- M. J. MacKay-Lyons and L. Makrides, “Exercise capacity early after stroke,” Archives of Physical Medicine and Rehabilitation, vol. 83, no. 12, pp. 1697–1702, 2002.
- P. Zamparo, M. P. Francescato, G. De Luca, L. Lovati, and P. E. di Prampero, “The energy cost of level walking in patients with hemiplegia,” Scandinavian Journal of Medicine & Science in Sports, vol. 5, no. 6, pp. 348–352, 1995.
- M. Whaley, P. H. Brubaker, and R. M. Otto, ACSM'S Guidelines For Exercise Testing and Prescription, Lippincott Williams & Wilkins, Philadelphia, Pa, USA, 7th edition, 2006.
- F. M. Ivey, R. F. Macko, A. S. Ryan, and C. E. Hafer-Macko, “Cardiovascular health and fitness after stroke,” Topics in Stroke Rehabilitation, vol. 12, no. 1, pp. 1–16, 2005.
- A. Tang, K. M. Sibley, D. Brooks, S. Thomas, and W. E. McIlroy, “Early exercise intervention after stroke: influence on aerobic and functional capacity: a pilot study,” Journal of Aging and Physical Activity, vol. 12, pp. 318–319, 2004.
- G. Kwakkel, R. C. Wagenaar, J. W. R. Twisk, G. J. Lankhorst, and J. C. Koetsier, “Intensity of leg and arm training after primary middle-cerebral-artery stroke: a randomised trial,” The Lancet, vol. 354, no. 9174, pp. 191–196, 1999.
- G. Kwakkel, R. C. Wagenaar, T. W. Koelman, G. J. Lankhorst, and J. C. Koetsier, “Effects of intensity of rehabilitation after stroke: a research synthesis,” Stroke, vol. 28, no. 8, pp. 1550–1556, 1997.
- M. Karvonen, K. Kentala, and O. Mustala, “The effects of training on heart rate: a longitudinal study,” Annales Medicinae Experimentalis et Biologiae Fenniae, vol. 35, pp. 307–315, 1957.
- K. K. Patterson, I. Parafianowicz, C. J. Danells et al., “Gait asymmetry in community-ambulating stroke survivors,” Archives of Physical Medicine and Rehabilitation, vol. 89, no. 2, pp. 304–310, 2008.
- C. Gowland, P. Stratford, M. Ward et al., “Measuring physical impairment and disability with the Chedoke-McMaster Stroke Assessment,” Stroke, vol. 24, no. 1, pp. 58–63, 1993.
- K. Berg, S. Wood-Dauphinee, J. I. Williams, and D. Gayton, “Measuring balance in the elderly: preliminary development of an instrument,” Physiotherapy Canada, vol. 41, no. 6, pp. 304–311, 1989.
- K. M. Michael, J. K. Allen, and R. F. MacKo, “Reduced ambulatory activity after stroke: the role of balance, gait, and cardiovascular fitness,” Archives of Physical Medicine and Rehabilitation, vol. 86, no. 8, pp. 1552–1556, 2005.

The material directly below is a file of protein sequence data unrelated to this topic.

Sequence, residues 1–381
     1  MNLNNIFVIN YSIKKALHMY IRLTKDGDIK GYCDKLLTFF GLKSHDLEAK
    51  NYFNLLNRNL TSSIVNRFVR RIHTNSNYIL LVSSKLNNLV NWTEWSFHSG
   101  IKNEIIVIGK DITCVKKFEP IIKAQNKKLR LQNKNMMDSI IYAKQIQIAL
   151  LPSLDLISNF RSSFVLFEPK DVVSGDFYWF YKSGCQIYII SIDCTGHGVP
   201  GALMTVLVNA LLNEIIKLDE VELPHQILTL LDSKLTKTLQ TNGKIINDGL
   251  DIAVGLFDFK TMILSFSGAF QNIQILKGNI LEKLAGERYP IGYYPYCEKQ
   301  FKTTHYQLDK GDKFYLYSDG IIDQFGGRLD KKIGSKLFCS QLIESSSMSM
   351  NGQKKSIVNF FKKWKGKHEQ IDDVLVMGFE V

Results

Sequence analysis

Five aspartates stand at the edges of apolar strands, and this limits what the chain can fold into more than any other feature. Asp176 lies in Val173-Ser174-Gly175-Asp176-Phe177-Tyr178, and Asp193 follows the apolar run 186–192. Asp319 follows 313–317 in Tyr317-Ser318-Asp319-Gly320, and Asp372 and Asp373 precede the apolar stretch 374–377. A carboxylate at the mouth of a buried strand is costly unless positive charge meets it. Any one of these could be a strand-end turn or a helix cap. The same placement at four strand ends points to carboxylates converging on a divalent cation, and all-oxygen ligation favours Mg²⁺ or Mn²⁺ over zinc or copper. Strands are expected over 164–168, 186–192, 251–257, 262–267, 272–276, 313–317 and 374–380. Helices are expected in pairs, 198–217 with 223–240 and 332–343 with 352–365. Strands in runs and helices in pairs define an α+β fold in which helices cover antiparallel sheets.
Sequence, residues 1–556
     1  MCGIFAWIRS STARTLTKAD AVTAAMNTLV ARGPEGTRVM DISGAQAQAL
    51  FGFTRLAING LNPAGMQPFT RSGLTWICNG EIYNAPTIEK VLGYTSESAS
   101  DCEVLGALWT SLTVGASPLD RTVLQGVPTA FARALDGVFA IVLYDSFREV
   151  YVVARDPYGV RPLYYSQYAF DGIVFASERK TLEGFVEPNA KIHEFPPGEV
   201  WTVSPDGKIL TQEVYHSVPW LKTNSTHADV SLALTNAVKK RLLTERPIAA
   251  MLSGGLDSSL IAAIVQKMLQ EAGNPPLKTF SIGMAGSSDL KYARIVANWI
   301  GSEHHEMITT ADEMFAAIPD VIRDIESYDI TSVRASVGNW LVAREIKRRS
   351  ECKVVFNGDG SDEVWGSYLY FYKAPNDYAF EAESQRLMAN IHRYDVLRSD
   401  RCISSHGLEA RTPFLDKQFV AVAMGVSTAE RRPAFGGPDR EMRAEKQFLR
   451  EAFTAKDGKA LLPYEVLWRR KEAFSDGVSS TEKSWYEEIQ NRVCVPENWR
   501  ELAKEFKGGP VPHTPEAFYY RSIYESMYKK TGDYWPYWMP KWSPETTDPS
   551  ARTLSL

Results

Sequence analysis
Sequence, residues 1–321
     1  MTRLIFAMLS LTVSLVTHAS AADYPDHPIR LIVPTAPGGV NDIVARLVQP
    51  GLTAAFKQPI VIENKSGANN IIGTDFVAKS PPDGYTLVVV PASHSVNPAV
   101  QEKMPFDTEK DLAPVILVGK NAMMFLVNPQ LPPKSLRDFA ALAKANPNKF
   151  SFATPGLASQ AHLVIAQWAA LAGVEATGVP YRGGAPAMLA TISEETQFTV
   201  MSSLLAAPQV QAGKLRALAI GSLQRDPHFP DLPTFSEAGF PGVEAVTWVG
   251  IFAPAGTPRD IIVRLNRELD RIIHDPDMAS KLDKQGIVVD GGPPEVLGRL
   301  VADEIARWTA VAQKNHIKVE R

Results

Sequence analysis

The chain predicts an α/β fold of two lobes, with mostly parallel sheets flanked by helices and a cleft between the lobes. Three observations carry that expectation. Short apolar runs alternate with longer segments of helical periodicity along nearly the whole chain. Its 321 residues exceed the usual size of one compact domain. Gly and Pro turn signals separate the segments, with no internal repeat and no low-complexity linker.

- C. Tudor-Locke, C. L. Craig, Y. Aoyagi et al., “How many steps/day are enough? For older adults and special populations,” International Journal of Behavioral Nutrition and Physical Activity, vol. 8, article 80, 2011.
- S. Kuys, S. Brauer, and L. Ada, “Routine physiotherapy does not induce a cardiorespiratory training effect post-stroke, regardless of walking ability,” Physiotherapy Research International, vol. 11, no. 4, pp. 219–227, 2006.
- W. H. Gage, K. F. Zabjek, K. M. Sibley, A. Tang, D. Brooks, and W. E. McIlroy, “Ambulatory monitoring of activity levels of individuals in the sub-acute stage following stroke: a case series,” Journal of NeuroEngineering and Rehabilitation, vol. 4, article 41, 2007.
- M. Bernardi, A. Macaluso, E. Sproviero et al., “Cost of walking and locomotor impairment,” Journal of Electromyography and Kinesiology, vol. 9, no. 2, pp. 149–157, 1999.
- S. F. H. Mackintosh, K. Hill, K. J. Dodd, P. Goldie, and E. Culham, “Falls and injury prevention should be part of every stroke rehabilitation plan,” Clinical Rehabilitation, vol. 19, no. 4, pp. 441–451, 2005.
- L. Yardley and H. Smith, “A prospective study of the relationship between feared consequences of falling and avoidance of activity in community-living older people,” Gerontologist, vol. 42, no. 1, pp. 17–23, 2002.
- J. Bernhardt, H. Dewey, A. Thrift, and G. Donnan, “Inactive and alone: physical activity within the first 14 days of acute stroke unit care,” Stroke, vol. 35, no. 4, pp. 1005–1009, 2004.
- C. Tudor-Locke, J. E. Williams, J. P. Reis, and D. Pluto, “Utility of pedometers for assessing physical activity: convergent validity,” Sports Medicine, vol. 32, no. 12, pp. 795–808, 2002.